Darling Camera

July, 1913

Price upon request


Here is the type of shooter that many of you have asked to see on my web site. It is the easiest and most economical way to shoot hand-cranked footage I have ever had on my website.

I scratch tested this camera and it passed with flying colors.

This camera is rare enough that I have never actually had one before.

I have seen this camera as an “Empire” made by Alfred Darling for W. Butcher & Sons Ltd., England. This one has no holes in the case for the brass tag that would denote it was an Empire. The case is pristine with no mounting holes in it anywhere. I think this is a camera that Alfred Darling marketed for himself. It certainly was made by Darling.

Alfred Darling was one of the earliest of people in the film industry. Research says that he worked on his first piece of motion picture apparatus about 1895. He was a skilled, intelligent machinist / engineer and understood what a camera needed to have and could make any part for it. The early motion picture people were very fortunate to have Alfred Darling be in the right place at the right time.

Darling was very instrumental in designing camera mechanisms that could be patented. All cameras had to transport film in a different way in order to avoid other camera’s patents. There are only so many ways to mechanically move film through a camera and Alfred Darling engineered many of them for his clients. If you look at the Kinemacolor camera on this website you will see where Alfred Darling adapted Charles Urban’s Bioscope pulldown claw mechanism into a Moy & Bastie camera body so Urban could avoid the Moy & Bastie patent and still use much of the Moy camera’s mechanism.

Darling was the main mechanical engineer for G. A. Smith and Charles Urban and was highly involved in the development of the Kinemacolor camera. He also helped develop the three-color camera mechanism first patented in 1898.

Darling manufactured this camera as a way for clients economically join the new market in animated photography. It was to be the easiest to use camera and designed to make movies as error free as possible. He made professional cameras that became extremely popular all over the world so this one was a step to the simpler side. It must have been an easy choice to make.

Here is a short video of cranking the camera. It cranks smoothly and evenly. I ran forty feet of film through the camera three different times. I’m very happy with the results.

The lens is a wonderful Voigtlander 55mm Euryskop f6.3 to f22. The whole idea behind this lens was to make the wide-open f6.3 give the camera great depth of field and make it so the cameraman didn’t have to find focus. The lens is in focus and fixed to the camera so there is no way to miss focus by moving the lens in and out from the film plane. The glass is clean and clear and the iris is smooth as silk through out its entire range. This lens should shoot some great looking period footage.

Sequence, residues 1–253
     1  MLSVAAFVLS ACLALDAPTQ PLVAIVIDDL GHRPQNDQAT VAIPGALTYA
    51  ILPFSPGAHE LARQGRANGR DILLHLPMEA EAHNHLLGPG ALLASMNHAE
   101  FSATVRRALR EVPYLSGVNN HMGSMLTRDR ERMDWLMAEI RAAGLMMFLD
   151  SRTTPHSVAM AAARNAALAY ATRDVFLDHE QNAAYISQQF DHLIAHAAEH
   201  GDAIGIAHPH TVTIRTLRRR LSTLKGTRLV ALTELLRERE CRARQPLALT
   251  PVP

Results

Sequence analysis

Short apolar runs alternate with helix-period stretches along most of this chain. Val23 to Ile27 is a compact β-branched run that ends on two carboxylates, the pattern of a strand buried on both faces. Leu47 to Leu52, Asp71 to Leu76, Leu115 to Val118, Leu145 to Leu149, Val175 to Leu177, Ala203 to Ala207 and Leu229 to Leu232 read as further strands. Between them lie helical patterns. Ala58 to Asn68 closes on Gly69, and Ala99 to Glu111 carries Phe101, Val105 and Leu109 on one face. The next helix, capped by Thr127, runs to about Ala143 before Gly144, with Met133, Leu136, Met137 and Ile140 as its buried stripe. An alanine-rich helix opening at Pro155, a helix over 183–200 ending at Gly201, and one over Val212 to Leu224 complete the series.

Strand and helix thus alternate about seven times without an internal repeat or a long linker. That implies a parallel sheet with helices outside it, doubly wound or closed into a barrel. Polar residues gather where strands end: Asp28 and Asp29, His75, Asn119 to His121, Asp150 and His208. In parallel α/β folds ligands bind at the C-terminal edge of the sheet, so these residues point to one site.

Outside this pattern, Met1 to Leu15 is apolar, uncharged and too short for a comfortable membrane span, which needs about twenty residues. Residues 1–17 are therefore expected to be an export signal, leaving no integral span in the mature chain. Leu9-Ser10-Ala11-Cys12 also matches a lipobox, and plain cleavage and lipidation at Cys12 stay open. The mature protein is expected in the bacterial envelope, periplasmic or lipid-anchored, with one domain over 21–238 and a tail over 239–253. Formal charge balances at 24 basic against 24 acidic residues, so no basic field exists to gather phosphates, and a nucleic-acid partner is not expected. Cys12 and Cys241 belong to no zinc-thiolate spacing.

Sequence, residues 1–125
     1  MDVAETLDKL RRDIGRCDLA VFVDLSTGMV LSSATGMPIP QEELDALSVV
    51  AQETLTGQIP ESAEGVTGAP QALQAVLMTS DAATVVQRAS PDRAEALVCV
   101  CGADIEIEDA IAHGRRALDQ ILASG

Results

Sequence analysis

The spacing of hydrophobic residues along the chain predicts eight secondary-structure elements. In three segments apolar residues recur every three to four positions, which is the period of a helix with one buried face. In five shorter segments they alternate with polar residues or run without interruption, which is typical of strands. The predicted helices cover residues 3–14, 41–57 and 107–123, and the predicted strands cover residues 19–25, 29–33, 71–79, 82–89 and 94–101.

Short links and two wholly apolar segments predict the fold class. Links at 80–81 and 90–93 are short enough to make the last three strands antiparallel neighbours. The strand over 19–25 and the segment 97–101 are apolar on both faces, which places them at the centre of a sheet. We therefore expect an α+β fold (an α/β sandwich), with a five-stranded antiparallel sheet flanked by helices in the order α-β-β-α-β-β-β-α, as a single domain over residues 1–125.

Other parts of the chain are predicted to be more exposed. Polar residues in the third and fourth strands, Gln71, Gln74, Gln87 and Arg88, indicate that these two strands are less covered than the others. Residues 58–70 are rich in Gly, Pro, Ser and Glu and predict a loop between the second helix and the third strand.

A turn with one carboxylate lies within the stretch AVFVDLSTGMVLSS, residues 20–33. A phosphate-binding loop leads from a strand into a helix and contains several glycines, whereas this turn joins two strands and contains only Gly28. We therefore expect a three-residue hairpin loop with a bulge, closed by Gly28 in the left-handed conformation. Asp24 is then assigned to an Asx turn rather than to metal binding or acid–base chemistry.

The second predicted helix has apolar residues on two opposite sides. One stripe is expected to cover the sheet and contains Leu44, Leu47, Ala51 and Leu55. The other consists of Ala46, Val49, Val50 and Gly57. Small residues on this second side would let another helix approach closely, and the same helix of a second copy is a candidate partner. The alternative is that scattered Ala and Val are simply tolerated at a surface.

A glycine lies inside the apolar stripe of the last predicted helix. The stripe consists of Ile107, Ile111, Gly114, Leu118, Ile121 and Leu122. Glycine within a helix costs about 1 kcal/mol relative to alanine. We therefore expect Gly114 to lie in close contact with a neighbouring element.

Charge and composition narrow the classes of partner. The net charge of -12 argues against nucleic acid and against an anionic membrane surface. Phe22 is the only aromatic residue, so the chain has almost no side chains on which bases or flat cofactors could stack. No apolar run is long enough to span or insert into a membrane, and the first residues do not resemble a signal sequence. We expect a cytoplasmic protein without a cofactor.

I took the picture of the quarter through the lens on the movie camera. I don’t want to mislead any of you. The lens was off the camera and hand held when I took the picture of the quarter. You can’t shoot macro footage with this camera without an extension tube.

Here is the blended “A-D” that is Alfred Darling’s logo. It’s on the door of the film boxes. The film boxes hold 100 feet of film. That’s about a minute and a half of film at sixteen frames per second. There is a small crack in one mag door. Don’t forget it’s a hundred year old wood camera. There is some wood shrinkage in a mag door that I would just cover with some black camera tape if I were to shoot with it.

Unusually there are three magazines for the camera. This makes an easy reload for a second round of filmmaking. All things production should be easy with this camera and when not in use it is a museum quality display camera. Actually I’ve seen most museum’s cameras and they are not anywhere near the quality of this camera.

The mechanism is the simplest of all and cranks smoothly and easily. I believe that this camera was designed as a ‘starter’ camera for people that wanted to see if they could make their fortune in the new animated picture business and for wealthier people that wanted to make home movies.

The camera is dated July, 1913. It is stamped in the bottom of the camera along with the initials “CW”. The initials are those of the craftsman at the Darling factory who built the camera.

The bottom mount tiedown screw is ¼ X 20 so this camera will fit a large variety of tripods. Bell & Howell Filmo movie camera tripods, Professional Junior, Miller tripod and head, and Vintage Craig Thalhammer tripods have the look of early wood sticks and will make this camera a nice display piece. And they are sturdy enough tripods that you can shoot from them.

The carrying handle is leather and over the years I have found it is best to replace the leather handles, as they are prone to fail if you pick the camera up by them.

Let’s take a tour around the camera: